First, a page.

Been a while since laughter doubled you over in your theater seat? It might have happened to you again if you attended week one of the shows in the Revolutions International Theatre Festival 2002.
But not to despair, the next two weekends promise to be just as good. For now, this recap of last weekend's shows might give you a little smile.
"Live Girls Do Elektra," a two-woman comedy looking back on the aged, tragic Greek tale of the collapse of the house of Agamemnon, was a far jump from the tragic, older theatrical portrayals of the dysfunctional Greeks, such as "Oresteia."
Kristina Sutherland and Desiree Prewitt, the play's authors and performers, bounced the classic and ancient times to the present day, developing to perfection a host of Americanized characters who treat the agora like a super Wal-Mart. With the exception of a can of aerosol floor polish, clothing and an alcoholic Clytemnestra - "you can call me Clit" - boozing on Budweiser and gin tonics, the names and setting of the story were retained.
Soaked in social commentary, the play is in essence the fictional, hysterical untold story of Agamemnon's daughter, Elektra, who defies the ignorance of her neighbors by waiting for the return of her long lost brother Orestes - who ends up dying anyway. "Live Girls Do Elektra" was at the pinnacle of last weekend's glimpse into revolutionary comedy.
"Fiddle Talk," presented by Peter Schumann, the founder of the famous Bread and Puppet Theatre from Vermont, was a soothing discussion between the artist mastermind and the audience. Anyone outraged by America's actions in the Middle East will be happy to know that the Bread and Puppet Theatre is using art as a powerful vehicle of protest.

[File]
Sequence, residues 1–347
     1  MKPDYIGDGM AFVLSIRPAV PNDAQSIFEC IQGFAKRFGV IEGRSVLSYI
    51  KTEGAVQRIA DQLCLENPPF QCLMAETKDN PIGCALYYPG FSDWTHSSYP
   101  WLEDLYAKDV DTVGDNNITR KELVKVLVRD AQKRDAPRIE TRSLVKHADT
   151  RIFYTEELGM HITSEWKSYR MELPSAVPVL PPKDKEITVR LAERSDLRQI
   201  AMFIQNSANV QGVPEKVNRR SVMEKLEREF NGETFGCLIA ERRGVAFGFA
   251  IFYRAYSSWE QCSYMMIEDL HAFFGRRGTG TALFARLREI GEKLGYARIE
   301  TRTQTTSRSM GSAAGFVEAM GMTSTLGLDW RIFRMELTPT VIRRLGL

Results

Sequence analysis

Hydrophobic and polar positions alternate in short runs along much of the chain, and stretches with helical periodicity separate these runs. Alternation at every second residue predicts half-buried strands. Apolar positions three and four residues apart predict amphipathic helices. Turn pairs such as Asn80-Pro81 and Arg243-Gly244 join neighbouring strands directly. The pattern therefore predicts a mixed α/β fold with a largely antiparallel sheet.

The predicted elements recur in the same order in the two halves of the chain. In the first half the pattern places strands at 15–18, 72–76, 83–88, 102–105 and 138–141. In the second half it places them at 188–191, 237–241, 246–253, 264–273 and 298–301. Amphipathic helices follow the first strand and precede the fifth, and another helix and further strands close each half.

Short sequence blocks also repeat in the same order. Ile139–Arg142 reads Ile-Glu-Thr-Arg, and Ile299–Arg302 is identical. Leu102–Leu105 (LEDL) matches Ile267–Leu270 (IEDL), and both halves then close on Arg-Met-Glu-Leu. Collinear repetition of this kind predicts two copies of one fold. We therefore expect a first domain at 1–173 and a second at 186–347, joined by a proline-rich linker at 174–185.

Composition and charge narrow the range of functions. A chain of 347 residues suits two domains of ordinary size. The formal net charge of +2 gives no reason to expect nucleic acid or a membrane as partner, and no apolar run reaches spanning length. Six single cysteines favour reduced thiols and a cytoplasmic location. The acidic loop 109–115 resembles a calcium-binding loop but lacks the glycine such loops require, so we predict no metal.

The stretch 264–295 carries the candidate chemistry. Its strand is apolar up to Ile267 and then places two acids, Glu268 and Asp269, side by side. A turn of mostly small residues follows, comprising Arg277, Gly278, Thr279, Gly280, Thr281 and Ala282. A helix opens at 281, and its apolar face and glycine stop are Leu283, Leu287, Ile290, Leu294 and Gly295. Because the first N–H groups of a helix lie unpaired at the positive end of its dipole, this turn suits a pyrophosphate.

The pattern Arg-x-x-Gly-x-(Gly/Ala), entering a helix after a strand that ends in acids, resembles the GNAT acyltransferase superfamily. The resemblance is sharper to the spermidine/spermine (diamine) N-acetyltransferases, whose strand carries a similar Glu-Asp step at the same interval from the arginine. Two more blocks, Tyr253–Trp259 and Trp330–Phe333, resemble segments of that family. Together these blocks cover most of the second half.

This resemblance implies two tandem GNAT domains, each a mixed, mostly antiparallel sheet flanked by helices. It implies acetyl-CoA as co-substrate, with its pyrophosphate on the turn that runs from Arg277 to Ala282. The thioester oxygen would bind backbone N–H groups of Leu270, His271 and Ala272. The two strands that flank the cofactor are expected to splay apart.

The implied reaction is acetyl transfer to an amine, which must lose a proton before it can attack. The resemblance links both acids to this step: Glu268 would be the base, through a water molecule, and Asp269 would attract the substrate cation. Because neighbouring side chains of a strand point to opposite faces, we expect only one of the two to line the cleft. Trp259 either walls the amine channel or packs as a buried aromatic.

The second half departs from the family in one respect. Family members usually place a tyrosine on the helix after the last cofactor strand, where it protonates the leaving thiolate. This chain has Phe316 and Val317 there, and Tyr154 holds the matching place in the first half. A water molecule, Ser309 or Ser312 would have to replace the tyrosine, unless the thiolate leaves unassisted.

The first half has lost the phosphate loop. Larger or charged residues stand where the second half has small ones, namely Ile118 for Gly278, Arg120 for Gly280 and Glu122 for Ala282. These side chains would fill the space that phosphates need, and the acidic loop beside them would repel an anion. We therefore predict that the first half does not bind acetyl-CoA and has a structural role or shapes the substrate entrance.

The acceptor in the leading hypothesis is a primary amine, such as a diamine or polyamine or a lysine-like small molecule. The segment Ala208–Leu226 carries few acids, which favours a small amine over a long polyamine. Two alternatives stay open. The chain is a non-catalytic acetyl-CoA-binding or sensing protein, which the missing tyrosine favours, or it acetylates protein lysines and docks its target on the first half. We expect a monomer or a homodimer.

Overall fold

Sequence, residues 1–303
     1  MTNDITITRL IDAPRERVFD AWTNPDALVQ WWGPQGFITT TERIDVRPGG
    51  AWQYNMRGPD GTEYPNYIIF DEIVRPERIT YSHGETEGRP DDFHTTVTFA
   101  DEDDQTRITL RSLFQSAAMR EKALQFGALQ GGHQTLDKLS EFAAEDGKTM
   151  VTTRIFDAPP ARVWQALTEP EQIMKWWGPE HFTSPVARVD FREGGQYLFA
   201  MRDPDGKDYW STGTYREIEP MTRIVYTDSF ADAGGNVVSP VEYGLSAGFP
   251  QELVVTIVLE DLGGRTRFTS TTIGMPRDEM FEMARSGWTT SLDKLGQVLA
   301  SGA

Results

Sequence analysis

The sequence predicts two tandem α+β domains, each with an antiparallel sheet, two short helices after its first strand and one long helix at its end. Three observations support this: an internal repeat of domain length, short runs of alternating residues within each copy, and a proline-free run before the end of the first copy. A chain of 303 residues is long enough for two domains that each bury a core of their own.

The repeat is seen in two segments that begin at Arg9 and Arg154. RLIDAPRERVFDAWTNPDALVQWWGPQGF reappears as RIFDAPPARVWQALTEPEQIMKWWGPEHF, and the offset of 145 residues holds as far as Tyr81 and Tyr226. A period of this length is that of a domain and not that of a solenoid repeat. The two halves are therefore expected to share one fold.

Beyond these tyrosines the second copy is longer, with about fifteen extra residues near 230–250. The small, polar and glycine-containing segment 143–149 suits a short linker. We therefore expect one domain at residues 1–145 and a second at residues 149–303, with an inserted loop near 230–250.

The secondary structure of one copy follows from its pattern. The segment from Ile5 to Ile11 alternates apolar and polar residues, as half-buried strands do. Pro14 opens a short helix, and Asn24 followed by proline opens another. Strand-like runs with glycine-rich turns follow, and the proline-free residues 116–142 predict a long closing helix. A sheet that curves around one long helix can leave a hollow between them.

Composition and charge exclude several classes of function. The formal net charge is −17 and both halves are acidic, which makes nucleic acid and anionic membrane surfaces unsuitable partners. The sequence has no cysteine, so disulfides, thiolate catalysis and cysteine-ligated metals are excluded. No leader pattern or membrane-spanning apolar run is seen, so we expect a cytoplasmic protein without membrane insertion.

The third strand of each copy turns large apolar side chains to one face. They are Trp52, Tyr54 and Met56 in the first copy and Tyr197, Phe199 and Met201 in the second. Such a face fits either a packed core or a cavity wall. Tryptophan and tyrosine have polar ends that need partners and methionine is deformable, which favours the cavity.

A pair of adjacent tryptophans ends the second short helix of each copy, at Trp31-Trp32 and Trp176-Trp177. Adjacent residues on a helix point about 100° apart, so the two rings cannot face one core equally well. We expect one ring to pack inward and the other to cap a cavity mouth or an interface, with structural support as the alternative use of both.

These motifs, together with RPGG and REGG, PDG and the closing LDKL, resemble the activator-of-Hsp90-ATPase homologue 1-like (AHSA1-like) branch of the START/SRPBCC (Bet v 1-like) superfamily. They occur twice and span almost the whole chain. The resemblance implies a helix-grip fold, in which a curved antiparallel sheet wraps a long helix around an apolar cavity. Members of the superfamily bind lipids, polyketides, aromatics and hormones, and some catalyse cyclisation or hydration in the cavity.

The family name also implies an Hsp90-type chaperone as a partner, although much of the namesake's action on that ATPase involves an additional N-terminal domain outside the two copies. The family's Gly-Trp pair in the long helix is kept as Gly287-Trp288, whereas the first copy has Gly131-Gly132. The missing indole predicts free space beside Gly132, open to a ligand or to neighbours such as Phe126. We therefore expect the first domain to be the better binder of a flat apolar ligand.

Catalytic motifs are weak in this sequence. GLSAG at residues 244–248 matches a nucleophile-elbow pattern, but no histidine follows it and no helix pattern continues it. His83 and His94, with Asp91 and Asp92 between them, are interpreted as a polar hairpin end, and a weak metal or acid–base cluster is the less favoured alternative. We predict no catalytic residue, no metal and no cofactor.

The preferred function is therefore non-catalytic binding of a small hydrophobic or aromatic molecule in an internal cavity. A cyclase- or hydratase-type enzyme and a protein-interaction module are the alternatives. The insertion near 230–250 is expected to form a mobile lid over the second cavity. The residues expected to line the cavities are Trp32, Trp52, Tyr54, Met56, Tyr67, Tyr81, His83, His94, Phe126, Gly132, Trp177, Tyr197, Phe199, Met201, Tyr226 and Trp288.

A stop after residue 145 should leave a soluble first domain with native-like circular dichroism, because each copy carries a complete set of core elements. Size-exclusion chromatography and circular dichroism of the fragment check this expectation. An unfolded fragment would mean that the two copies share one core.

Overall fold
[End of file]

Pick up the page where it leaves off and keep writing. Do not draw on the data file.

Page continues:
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In October, Schumann and his crew took 100 puppet costumes to Washington to demonstrate that while a 90-percent approval rate for the war in Afghanistan may exist in the media, millions of real citizens who don't approve exist in the flesh.
"We have seen this level of government persuasion," Schumann said while relating the details of his youth in Nazi Germany, "and we know what it can do."
The world-renowned puppets will appear the third weekend of this revolutionary theater festival with a performance piece choreographed in response to the culmination of events after Sept. 11. The performance will use 20-40 UNM theater and dance majors as part of the show. Any performance majors interested should call 980-1110 for more information.
Finally, "Motel California," written and performed by Harrington and Kauffman of New York City, was weighted on the whacky side of comedy and, unlike "Live Girls," tended to a more specific sense of humor, but lived up to every expectation of experimental theatrical mockery.
From a show of hands from the audience before each performance, it appears more people are attending the festival this year than last. The shows come complete with banqueted receptions and entertainment. So if the theater has failed to meet your entertainment needs recently, see it anew this weekend and redeem your faith. For more information, call the Riverside Theatre at 254-8393.